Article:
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Who Uses Medical Marijuana? A Police Officer’s Story

Who Uses Medical Marijuana? A Police Officer’s Story

Posted by Marijuana Doctors on 09/26/2010 in Medical Marijuana Patient Stories

We’ve been reaching out to patients across the country to share their experiences with us, and recently we heard from a 20-year veteran police officer who suffered emotional and physical injuries while serving his community, and now feels like a criminal for using medical marijuana to alleviate his pain and suffering. He asked that his identity remain anonymous because unfortunately, even though he lives in a state where medical marijuana is legal, he still has legitimate fears of losing his job. His story was so moving that we thought we’d share it in his own words.

“Policing in my town was a full contact sport where we all played for keeps.  As a rookie, my partner and I worked the most violent drug ridden section of town.  I carried 20 pounds of offensive and defensive police gear while jumping fences, climbing up onto roofs and sneaking around the heart of the gangland. We chased and faced off on society’s worst.  On a typical day, we had one felony arrest, three misdemeanor arrests and a handful of traffic tickets.  We were involved in several shootings, witnessed shootings, been shot at and returned fire, each of us sustaining somewhat minor injuries over the years requiring a visit to the emergency room.

I loved my job but little did I know that all that work was slowly destroying my emotional health and my joints, especially my shoulders.  For about 15 years I saw just about every horrifying thing that one person can do to another person: Being face to face with a murdered person, especially a child, or having to console a rape victim or an elderly person who survived a home invasion robbery, or worse who just lost their life mate.  This all mixed in with close calls, where I nearly lost a battle and could have lost my life or witnessed the death of a fellow officer.

All of this began to adversely affect me. I did not understand the psychological symptoms I was suffering but I sure felt the pain in my back and shoulders.  My shoulder pain was so bad that I went to a sports doctor and had x-rays.  They said there was nothing that they could do for my problem; I had to live with the pain.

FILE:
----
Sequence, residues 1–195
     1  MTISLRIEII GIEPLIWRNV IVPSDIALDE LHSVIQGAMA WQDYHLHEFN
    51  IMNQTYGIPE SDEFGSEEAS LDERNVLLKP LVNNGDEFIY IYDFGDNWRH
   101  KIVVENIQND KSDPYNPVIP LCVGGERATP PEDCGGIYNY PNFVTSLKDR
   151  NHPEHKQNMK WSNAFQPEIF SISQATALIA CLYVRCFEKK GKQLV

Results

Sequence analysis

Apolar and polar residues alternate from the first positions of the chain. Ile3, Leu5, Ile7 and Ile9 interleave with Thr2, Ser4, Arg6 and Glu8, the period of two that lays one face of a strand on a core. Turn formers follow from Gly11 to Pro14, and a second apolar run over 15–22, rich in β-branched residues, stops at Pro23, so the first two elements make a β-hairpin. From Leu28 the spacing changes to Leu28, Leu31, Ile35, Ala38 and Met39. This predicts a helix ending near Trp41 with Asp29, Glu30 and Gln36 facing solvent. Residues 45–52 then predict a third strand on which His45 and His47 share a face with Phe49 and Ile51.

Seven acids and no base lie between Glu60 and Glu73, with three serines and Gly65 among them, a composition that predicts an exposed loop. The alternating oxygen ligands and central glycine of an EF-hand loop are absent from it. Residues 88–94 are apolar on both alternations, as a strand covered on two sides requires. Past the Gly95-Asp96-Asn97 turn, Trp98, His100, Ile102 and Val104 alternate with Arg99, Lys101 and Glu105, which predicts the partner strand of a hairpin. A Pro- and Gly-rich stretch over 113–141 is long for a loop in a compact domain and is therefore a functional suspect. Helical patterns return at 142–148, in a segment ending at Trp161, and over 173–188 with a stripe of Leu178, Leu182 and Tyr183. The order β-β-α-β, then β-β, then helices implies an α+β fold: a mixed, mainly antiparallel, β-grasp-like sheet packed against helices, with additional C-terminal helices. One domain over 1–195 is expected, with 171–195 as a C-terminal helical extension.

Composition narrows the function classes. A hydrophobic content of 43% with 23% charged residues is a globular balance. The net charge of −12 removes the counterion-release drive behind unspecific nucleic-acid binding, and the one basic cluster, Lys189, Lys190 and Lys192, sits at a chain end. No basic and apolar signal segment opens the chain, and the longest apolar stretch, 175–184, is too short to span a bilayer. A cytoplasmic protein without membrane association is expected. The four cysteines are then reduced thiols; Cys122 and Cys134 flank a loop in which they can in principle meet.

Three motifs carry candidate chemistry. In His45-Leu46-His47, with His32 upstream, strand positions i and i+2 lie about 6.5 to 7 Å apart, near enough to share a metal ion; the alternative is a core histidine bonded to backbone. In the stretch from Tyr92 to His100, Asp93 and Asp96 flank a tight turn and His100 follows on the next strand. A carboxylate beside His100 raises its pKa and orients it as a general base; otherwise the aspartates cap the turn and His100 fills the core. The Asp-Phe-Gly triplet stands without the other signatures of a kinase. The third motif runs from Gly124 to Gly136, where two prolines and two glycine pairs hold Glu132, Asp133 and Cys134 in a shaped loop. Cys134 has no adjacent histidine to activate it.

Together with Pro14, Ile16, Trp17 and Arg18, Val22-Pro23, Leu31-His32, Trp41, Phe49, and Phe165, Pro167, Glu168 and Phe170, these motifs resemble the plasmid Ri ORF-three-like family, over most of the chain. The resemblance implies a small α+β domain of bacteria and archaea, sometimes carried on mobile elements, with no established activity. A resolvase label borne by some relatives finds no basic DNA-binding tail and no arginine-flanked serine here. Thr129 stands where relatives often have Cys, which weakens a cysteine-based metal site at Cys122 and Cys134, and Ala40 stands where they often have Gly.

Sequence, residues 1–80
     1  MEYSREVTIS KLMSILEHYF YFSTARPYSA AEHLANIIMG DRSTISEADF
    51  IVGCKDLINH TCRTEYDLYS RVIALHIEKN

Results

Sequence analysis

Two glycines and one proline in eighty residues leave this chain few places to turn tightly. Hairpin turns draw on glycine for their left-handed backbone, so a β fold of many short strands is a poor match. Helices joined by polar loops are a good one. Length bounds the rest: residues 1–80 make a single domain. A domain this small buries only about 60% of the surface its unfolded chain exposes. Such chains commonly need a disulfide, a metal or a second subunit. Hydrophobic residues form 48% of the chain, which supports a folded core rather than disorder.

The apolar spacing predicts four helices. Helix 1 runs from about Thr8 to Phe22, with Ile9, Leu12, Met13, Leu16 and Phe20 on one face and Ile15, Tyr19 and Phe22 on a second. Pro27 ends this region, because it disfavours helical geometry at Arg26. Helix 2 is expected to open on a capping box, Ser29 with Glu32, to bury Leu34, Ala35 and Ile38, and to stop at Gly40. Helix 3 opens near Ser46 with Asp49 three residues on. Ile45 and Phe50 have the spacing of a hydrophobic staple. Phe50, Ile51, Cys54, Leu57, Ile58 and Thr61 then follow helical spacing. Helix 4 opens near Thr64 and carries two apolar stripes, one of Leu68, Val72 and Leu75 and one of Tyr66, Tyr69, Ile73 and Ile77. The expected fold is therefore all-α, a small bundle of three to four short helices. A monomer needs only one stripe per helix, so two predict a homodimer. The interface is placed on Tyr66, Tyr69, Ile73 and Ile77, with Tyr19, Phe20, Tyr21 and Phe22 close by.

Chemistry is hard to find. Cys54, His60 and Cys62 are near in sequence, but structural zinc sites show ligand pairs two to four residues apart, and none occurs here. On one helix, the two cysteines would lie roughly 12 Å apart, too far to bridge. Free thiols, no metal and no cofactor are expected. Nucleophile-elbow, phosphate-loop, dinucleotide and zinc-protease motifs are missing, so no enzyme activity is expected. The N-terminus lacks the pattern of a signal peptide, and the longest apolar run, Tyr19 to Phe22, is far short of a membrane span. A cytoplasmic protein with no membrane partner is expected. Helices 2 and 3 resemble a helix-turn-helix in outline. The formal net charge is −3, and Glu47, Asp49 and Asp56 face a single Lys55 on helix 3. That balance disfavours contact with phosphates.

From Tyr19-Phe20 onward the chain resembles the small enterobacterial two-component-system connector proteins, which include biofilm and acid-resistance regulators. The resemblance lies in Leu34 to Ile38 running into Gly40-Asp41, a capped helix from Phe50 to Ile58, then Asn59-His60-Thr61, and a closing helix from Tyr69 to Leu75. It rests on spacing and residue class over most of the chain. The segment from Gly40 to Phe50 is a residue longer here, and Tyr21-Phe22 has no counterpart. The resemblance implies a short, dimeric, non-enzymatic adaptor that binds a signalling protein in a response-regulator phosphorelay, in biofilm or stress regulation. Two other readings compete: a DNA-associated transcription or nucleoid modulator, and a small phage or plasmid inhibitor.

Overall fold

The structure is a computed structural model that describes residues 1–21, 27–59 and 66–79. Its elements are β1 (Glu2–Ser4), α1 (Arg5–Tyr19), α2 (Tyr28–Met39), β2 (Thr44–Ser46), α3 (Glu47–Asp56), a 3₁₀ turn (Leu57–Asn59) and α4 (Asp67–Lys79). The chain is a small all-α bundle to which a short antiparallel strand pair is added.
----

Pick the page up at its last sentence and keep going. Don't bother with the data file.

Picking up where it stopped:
A short time later my best friend and partner was killed in the line of duty, and I left the force. Fast-forward one year, divorce. I was on the verge of a major breakdown or worse.  My anxiety was so high that I could not catch my breath and I nearly ripped my uniform shirt off trying to get to my Kevlar vest so I could remove it.  The panic attacks were now very frequent, often occurring in the middle of the night.  It came in the form of PTSD, nightmares, hives and insomnia.

On top of it all, the pain in my shoulders and knees was constant and debilitating and affected every aspect of my life. I did not have medical insurance and I was barely surviving financially so I could not afford to see a doctor.

In the middle of a panic attack, I was desperate, suicide would be a consideration if I could not escape this horrible feeling, and in my desperate moment, I used marijuana. Two or three hits and I was absolutely saved.  The panic went away and I slept better then I had in years.  As the anxiety subsided, I smoked it less and less.  I found that it helped the pain in my shoulders too.  Where the pain kept me up at night or woke me up, after smoking I could sleep and the pain subsided to a tolerable level.

In hindsight I see how the use of medical marijuana literally saved and returned my quality of life.  I believe my emotional and physical injuries were largely sustained while serving my community.  Now I felt like an outlaw just trying to get by.  I have a prescription for medical marijuana but I know if I am caught, it would permanently ruin my new career and leave me to being qualified for minimum wage jobs.

Today, I am amazed on how much my eyes have been opened due to my experiences.  Not long ago, I was serving warrants on grow operations very similar to what I have. I see the irony and I feel bad. I realize how brainwashed I was.  How I was a party to waging a war on the citizens, confiscating their drugs, fining and imprisoning them, and seizing as much of their assets as possible.

I realize now that the laws are so much more destructive then the drug ever could be and how the corporations will be cheated out of billions of dollars if it is made legal.  I also realize the mindset of the police.  They want more laws not less.  They want more cops not less.  More laws means more cops, which means more promotions and more seniority.  Legalizing marijuana will mean slower promotions at best and job loss for them at its worst.  They will make up any and all excuses to keep it illegal.”

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